"It is time the international community took a much firmer step towards finding the truth and applying serious pressure to bring about change for this beleaguered, subjugated population of 20 million people," the UN High Commissioner for Human Rights said in a rare and strongly worded statement on North Korea.
Pillay lamented the "deplorable human rights situation" in North Korea, "which in one way or another affects almost the entire population and has no parallel anywhere in the world."
She acknowledged that there had been some hope that the change of leadership in the single-party state after the death of Kim Jong-Il in
December 2011 could bring change.
"But a year after Kim Jong-Un (Kim Jong-Il's youngest son) became the country's new supreme leader, we see almost no sign of improvement," she lamented.
Pillay also cautioned that the international community had been so concerned about North Korea's nuclear programme and rocket launches that it had largely overlooked the situation of the population in the country.
Despite the countrys almost total isolation, the UN human rights chief said the little information that has filtered out bore testimony to "a system that represents the very antithesis of international human rights norms."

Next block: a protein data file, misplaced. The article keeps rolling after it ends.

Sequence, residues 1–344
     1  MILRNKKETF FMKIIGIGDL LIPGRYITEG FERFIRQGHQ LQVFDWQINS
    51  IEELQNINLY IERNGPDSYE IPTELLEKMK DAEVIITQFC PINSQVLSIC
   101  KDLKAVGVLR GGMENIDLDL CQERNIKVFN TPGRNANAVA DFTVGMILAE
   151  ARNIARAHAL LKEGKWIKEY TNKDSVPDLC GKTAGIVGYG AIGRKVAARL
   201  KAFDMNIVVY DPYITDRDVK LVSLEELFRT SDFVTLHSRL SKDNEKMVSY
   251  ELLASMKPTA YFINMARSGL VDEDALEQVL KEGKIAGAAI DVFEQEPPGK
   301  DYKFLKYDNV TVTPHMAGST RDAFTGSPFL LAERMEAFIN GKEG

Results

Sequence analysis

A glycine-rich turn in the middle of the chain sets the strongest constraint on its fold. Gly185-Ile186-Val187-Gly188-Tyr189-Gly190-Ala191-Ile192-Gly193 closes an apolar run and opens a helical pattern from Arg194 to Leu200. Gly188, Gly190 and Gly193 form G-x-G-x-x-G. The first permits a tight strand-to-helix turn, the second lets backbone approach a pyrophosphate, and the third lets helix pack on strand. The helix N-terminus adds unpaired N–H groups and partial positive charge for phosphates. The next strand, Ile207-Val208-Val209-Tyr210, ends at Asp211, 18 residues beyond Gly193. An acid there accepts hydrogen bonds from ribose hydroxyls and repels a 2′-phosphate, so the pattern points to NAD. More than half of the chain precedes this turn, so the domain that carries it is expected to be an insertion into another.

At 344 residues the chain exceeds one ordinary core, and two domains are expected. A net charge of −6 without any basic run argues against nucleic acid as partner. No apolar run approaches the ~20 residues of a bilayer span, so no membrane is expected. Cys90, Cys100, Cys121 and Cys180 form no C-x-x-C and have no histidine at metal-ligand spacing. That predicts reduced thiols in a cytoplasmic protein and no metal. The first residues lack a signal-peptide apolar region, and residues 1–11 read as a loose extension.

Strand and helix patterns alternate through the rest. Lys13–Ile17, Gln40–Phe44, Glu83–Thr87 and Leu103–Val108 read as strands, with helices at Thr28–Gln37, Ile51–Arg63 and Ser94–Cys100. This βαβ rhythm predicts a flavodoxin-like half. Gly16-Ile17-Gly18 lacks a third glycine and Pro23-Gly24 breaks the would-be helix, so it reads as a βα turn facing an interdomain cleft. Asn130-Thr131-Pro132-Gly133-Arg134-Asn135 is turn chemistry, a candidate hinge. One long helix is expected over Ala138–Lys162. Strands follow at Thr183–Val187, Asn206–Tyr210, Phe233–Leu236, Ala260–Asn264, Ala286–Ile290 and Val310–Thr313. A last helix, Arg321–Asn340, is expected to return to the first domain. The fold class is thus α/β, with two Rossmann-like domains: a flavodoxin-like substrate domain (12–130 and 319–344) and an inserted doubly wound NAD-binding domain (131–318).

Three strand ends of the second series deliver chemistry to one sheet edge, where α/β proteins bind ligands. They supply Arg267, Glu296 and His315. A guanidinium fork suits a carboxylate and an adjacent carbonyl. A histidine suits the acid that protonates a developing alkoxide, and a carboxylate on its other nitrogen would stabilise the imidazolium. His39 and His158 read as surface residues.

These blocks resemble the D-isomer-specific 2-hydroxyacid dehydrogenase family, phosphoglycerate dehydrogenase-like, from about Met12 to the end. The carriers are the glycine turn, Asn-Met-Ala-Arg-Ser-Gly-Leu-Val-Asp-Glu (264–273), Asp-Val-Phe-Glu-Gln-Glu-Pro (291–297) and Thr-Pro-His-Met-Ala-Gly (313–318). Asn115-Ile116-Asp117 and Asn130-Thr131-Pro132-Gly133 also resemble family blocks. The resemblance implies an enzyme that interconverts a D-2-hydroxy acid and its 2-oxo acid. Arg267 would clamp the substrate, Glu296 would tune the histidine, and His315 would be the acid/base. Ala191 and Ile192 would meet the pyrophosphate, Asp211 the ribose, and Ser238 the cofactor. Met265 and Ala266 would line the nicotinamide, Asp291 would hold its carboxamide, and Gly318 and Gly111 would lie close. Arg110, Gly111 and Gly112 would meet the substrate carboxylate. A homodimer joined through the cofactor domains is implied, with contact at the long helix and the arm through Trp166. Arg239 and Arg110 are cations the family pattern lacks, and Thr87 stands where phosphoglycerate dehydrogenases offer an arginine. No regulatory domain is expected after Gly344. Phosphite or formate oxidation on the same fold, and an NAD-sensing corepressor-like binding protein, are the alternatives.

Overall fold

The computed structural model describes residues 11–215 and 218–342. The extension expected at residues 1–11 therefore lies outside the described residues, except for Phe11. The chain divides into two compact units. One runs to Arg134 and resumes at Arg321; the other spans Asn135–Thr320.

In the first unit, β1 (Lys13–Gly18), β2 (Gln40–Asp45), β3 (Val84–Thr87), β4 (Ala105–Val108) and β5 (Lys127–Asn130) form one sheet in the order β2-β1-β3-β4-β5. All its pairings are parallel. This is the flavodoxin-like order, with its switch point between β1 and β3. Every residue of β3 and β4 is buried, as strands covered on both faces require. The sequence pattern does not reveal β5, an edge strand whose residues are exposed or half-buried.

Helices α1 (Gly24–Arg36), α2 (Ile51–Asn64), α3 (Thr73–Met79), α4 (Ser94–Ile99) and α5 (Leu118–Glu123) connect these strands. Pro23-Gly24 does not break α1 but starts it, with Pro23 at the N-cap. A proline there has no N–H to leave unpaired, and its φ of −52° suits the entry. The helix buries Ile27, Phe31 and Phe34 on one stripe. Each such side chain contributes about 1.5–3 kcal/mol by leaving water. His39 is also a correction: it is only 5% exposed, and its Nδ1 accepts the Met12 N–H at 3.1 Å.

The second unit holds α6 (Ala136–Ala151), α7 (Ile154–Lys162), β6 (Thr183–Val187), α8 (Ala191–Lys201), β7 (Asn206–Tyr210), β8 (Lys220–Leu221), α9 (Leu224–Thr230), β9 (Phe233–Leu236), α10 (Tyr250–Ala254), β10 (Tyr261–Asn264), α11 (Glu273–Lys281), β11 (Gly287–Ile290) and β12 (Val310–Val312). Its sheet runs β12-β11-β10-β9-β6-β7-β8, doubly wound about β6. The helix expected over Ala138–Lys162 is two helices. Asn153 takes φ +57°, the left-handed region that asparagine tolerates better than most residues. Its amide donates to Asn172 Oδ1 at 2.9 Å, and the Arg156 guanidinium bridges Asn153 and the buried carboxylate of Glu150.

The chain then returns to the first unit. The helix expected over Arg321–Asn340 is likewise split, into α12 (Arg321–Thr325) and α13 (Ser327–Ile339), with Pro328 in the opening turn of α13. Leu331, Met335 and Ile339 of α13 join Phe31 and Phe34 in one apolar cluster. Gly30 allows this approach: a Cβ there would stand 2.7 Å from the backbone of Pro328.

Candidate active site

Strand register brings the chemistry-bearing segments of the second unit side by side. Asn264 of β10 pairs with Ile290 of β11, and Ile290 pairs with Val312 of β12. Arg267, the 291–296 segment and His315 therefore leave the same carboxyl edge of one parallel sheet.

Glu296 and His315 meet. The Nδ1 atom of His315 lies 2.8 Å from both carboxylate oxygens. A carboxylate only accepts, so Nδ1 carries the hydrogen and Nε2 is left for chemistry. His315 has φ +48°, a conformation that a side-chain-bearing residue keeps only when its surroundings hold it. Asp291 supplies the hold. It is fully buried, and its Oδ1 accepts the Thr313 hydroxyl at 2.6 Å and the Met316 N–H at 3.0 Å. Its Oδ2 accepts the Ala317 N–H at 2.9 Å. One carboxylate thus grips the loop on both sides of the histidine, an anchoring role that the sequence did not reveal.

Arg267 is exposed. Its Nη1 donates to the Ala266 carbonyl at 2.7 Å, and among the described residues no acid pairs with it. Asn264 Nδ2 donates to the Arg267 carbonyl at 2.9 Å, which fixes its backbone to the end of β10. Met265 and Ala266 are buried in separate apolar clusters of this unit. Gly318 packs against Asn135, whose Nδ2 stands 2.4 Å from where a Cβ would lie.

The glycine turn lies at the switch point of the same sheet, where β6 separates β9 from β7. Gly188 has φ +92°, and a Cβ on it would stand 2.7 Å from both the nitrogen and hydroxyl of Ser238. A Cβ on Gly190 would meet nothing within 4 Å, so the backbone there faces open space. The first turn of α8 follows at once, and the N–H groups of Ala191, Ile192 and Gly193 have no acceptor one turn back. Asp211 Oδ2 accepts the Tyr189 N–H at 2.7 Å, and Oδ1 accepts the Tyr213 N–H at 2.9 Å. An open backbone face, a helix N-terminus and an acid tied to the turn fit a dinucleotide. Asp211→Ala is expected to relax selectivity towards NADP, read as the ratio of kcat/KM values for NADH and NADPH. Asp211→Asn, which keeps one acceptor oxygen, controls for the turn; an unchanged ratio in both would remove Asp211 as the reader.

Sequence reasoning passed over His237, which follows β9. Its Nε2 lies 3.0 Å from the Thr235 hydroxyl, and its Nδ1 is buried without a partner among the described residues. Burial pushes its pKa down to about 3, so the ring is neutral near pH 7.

She described meetings with two survivors of North Korea's network of political prison camps, which are believed to hold at least 200,000 people.
"Their personal stories were extremely harrowing," she said, listing rampant violations inside the camps, "including torture, . . . summary
executions, rape, slave labour and forms of collective punishment that may amount to crimes against humanity."
The living conditions in the camps were "atrocious", she said, describing an acute lack of food, medical care and clothing.
One mother told her how she had been forced to wrap her new-born baby in leaves to keep her warm.
The other person she met had been born into a camp, where he had spent the first 23 years of his life.
"He was not only tortured and subjected to forced labour, but, at the age of 14, was also made to watch the execution of his mother and his brother," she said.
The widespread use of the death penalty is also cause for deep concern, Pillay said, noting that people in North Korea could be executed for "minor offences after wholly inadequate judicial processes."
She also highlighted the still unresolved cases of Japanese and South Korean nationals abducted by North Korean agents in the 1970s and '80s.
"I believe an in-depth inquiry into one of the worst, but least understood and reported, human rights situations in the world is not only fully
justified, but long overdue," Pillay said.